Admitting that the controversy over security has impacted its business in India, BlackBerry maker Research in Motion on Tuesday said it will provide a final solution for lawful interception of BlackBerry Messenger Service by January next year.
The project is likely to be completed by the end of January 2011. With regard to BlackBerry’s Enterprise Mail Service, however, the company has asserted that it has no ability to provide customers’ encryption keys, officials said.
Robert E. Crow, Vice-President, Industry, Government and University Relations, RIM, met Home Minister P. Chidambaram on Monday and explained the status of its project.
“We are in India for the long run. We have 7,000 Independent Software Vendors (ISVs) developing on BlackBerry applications... We want to build on this base,” Mr. Crow told PTI.
Asked about the Indian market potential for RIM, he said, “India is certainly one of the top five markets for future growth and given the technical capabilities, there lies a huge potential for growth.”
Company officials also claimed there was no deadline from the government and it was RIM that had said it would work with operators to ensure that security agencies are able to intercept BlackBerry Messenger data.
Data on the BlackBerry-to-BlackBerry Messenger service is scrambled and not encrypted. The operators need to upgrade their networks to unscramble it and as far as RIM is concerned, it would complete the project by January next year.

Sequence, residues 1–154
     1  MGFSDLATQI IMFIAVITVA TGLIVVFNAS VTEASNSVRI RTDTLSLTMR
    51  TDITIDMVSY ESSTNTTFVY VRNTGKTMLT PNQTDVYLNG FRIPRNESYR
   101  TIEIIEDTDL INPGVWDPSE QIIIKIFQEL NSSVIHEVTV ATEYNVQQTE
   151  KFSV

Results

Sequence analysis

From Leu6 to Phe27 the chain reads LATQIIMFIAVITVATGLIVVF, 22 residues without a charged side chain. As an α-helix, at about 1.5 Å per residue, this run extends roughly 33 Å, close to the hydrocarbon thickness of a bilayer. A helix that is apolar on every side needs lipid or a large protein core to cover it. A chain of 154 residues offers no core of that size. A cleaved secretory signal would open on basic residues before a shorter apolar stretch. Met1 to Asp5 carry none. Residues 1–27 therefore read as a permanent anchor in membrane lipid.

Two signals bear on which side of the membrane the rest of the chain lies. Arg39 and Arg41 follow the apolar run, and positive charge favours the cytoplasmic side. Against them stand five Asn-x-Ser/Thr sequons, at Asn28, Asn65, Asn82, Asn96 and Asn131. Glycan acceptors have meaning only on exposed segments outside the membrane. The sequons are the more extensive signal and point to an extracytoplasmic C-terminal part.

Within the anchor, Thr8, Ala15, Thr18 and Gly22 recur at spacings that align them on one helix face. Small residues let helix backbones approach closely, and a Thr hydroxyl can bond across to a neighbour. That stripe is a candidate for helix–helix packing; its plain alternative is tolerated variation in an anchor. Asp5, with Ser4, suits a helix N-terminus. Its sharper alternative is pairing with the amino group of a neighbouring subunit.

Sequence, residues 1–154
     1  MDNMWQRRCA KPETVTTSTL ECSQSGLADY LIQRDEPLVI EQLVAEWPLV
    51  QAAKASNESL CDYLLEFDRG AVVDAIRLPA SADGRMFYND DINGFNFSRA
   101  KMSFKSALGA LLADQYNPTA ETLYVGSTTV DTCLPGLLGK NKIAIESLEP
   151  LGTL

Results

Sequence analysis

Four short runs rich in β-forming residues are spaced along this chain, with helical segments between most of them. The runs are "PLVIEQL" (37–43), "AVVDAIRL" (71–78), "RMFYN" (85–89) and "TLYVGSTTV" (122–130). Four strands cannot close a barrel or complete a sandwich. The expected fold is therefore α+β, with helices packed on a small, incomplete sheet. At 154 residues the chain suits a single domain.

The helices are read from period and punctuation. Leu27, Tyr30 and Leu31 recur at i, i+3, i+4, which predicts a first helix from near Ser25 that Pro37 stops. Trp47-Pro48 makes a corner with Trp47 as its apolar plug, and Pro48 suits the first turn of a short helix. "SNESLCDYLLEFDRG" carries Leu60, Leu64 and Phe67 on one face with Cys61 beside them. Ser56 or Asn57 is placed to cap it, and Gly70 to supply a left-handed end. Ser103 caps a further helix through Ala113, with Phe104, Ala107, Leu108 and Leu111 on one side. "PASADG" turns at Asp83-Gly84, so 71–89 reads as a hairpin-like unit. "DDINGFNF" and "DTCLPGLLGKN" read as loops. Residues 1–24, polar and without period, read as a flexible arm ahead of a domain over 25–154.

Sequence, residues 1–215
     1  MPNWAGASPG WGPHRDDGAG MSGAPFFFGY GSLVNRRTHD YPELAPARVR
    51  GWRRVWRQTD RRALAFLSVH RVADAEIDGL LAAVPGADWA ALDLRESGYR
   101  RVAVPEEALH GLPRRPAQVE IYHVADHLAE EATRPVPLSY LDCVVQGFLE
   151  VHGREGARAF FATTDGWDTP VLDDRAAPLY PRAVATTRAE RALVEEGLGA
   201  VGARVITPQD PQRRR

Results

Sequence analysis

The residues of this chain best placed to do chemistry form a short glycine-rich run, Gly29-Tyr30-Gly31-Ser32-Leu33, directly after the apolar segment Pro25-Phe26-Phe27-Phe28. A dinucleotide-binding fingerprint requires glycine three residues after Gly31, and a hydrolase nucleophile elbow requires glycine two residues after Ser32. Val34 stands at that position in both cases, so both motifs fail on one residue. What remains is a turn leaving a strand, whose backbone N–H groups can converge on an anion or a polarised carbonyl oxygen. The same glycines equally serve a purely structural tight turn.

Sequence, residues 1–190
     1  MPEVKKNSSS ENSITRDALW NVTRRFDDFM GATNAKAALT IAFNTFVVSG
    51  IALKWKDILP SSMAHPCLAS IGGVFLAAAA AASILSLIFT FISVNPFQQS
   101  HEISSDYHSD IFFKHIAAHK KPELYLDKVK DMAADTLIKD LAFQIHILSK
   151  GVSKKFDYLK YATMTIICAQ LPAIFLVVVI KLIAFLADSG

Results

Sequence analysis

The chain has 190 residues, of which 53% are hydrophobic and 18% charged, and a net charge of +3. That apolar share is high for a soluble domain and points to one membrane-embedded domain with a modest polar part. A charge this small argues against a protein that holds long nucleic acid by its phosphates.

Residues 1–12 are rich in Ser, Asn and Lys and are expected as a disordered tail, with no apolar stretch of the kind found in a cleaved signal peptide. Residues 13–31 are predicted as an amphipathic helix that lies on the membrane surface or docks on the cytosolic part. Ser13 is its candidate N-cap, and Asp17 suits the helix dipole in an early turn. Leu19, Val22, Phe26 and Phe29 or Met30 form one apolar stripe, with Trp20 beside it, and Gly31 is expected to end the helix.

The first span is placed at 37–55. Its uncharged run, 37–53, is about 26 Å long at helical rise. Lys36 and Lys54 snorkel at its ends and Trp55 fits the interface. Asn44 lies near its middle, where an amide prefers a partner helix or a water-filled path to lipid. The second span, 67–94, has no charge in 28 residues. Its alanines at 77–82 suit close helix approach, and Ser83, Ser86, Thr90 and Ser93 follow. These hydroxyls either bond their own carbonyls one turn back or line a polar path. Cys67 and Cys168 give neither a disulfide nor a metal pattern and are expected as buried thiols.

The officials sought to dispel fears that BlackBerry services would be banned in India due to security concerns and said their discussions with the government were very positive and progressive and they hoped to resolve outstanding concerns to mutual satisfaction.
“Please rest assured that RIM continues to be as cooperative as possible with the government in the spirit of supporting legal and national security requirements while also preserving the legitimate security needs of corporations,” the company had said in a statement.
The rumours about BlackBerry stem from the fact that the Indian government had earlier asked RIM to provide complete access to data transmitted using its handsets or face a ban.
RIM, however, asserted that there were no changes to the security architecture for BlackBerry Enterprise Server customers since, contrary to any rumours, the security architecture was the same around the world and RIM truly had no ability to provide its customers’ encryption keys.
BlackBerry has over one million subscribers in India, which is one of its fastest growing markets in the world in terms of new subscriber additions.
The Canada-based company made it clear that its security systems are still cutting edge, saying, “RIM maintains a consistent global standard for lawful access requirements that do not include special deals for specific countries.”